Voter turnout for today’s election in Israel remains at its highest since the 1999 elections. The Central Elections Committee reported the number to be at 55% by 6 p.m Tuesday Israel time, with an expectation that it will exceed 70%. However, Likud was reporting that its constituency was bucking the trend.
“There are reports that in regions that have traditionally been Likud strongholds, turnout has been lower than the national average,” Prime Minister Benjamin Netanyahu said during a visit to a polling station in Ashdod. “I therefore call on all generations of Likud voters to drop everything and go vote.”
Netanyahu is still expected to win re-election, albeit with a much lower number of seats in the Knesset than his joint Likud-Beiteinu coalition held when it partnered in October.
Israel Police report that Election Day has proceeded without incident in most places. They have dealt with 350 irregularities connected to the elections, including the hanging of signs in violation of regulations and fights breaking out between activists. Eleven cases have been opened relating to various crimes, such as disruptions at the polls, voter fraud, illegal voting, public indecency, and illegal posting of notices.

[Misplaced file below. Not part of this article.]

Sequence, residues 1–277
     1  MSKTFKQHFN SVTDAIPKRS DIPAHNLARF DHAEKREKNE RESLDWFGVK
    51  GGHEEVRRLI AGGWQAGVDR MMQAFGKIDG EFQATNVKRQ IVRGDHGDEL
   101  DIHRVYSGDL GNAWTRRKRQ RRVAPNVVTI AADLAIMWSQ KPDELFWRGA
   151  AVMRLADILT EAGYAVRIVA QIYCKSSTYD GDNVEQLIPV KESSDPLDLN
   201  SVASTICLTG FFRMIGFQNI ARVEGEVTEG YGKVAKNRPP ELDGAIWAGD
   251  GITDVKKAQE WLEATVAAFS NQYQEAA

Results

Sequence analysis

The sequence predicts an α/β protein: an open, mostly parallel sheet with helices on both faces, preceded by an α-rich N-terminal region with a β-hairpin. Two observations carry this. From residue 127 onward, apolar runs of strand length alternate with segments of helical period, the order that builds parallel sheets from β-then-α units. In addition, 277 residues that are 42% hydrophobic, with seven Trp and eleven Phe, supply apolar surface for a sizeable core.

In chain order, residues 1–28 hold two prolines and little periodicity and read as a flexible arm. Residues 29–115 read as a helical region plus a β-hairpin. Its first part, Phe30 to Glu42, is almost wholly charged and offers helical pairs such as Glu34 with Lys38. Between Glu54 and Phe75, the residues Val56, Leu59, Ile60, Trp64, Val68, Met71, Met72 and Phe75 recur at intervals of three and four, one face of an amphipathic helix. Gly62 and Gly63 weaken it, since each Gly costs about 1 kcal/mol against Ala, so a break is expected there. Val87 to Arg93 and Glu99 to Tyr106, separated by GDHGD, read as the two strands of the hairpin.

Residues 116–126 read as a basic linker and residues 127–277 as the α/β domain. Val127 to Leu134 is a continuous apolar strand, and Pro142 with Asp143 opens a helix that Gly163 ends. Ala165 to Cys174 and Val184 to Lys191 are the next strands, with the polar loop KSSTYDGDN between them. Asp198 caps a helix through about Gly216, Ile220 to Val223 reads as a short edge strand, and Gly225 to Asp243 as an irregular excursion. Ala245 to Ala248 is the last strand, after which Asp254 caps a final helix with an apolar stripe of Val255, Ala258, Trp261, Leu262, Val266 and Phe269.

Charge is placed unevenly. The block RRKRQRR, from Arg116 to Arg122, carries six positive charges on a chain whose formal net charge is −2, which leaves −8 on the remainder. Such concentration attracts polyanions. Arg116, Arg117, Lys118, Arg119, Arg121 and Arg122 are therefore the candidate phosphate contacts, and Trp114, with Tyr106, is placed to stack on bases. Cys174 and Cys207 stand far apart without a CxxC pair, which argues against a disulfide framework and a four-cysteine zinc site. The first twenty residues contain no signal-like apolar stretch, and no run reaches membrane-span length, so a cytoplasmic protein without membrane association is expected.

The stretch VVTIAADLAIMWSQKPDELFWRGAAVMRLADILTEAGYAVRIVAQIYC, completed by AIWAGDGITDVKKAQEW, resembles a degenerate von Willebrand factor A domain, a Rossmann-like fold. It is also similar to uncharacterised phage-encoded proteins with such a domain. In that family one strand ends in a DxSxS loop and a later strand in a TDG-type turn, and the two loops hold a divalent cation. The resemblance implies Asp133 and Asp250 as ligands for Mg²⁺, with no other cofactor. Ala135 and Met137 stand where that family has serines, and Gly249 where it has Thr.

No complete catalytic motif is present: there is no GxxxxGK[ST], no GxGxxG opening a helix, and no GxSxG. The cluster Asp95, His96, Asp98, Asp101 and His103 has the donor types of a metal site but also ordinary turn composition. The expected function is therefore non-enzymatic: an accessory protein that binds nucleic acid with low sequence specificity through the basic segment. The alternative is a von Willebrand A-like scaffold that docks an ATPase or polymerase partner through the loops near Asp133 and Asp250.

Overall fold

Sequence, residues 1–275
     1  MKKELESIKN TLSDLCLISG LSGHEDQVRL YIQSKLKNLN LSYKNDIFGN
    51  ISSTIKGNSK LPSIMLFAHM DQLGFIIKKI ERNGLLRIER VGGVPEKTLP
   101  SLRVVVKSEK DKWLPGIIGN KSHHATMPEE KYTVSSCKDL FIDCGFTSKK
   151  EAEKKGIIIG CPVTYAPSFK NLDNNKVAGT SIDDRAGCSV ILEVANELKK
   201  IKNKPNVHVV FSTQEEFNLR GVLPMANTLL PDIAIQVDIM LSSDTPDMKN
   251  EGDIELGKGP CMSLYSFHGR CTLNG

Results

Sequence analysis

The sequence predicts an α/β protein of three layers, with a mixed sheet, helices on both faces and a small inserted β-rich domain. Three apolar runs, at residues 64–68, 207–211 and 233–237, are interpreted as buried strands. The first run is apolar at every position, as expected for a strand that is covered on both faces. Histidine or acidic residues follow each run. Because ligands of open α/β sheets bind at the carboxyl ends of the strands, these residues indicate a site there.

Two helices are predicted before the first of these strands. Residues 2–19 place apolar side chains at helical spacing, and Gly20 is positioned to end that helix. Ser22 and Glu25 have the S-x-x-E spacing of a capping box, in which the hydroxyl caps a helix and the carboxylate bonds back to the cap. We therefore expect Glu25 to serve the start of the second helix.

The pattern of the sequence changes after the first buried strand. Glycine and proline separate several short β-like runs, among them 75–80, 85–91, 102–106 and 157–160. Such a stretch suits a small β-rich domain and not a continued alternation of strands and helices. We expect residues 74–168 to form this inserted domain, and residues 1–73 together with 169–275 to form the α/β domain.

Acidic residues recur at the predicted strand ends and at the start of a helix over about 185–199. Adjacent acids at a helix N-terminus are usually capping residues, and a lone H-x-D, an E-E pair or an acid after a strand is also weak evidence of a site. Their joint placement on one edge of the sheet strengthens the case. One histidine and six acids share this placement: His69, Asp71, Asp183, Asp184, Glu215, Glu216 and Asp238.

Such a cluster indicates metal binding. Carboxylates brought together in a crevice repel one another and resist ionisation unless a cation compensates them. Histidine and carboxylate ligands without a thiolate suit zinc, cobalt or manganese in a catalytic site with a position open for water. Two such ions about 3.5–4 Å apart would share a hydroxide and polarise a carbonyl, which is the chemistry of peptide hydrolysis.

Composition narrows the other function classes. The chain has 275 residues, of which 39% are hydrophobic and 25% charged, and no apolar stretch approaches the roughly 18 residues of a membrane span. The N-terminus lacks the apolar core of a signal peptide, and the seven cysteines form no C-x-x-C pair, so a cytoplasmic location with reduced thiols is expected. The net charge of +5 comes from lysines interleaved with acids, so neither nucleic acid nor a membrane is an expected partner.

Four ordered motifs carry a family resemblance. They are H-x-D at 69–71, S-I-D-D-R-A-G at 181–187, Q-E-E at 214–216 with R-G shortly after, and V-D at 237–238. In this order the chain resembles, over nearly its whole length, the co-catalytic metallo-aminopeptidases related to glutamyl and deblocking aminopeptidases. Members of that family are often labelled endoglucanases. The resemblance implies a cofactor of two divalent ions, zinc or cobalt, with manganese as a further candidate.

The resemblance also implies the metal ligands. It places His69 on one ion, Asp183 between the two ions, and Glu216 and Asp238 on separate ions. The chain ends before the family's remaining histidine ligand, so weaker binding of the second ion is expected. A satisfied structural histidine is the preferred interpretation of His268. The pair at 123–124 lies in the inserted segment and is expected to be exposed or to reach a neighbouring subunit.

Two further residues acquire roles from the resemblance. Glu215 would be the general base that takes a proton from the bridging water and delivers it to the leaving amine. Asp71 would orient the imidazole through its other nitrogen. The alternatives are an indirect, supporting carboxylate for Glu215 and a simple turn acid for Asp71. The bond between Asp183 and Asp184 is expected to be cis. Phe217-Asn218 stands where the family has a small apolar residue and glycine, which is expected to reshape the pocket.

There was a bit of a controversy when Prime Minister Benjamin Netanyahu cast his ballot, displaying his Likud-Beytenu ticket to the cameras. Elections Committee chairman Elyakim Rubinstein ordered all parties to cease broadcasting footage of party leaders touring around the country and casting their ballots, ruling that showing the candidates voting constituted campaigning, which is forbidden in the final week of the elections.
Over five million Israelis are expected to have cast their ballot by the time polls close on Tuesday. Exit polls are set to be released sometime after, with finals results to follow.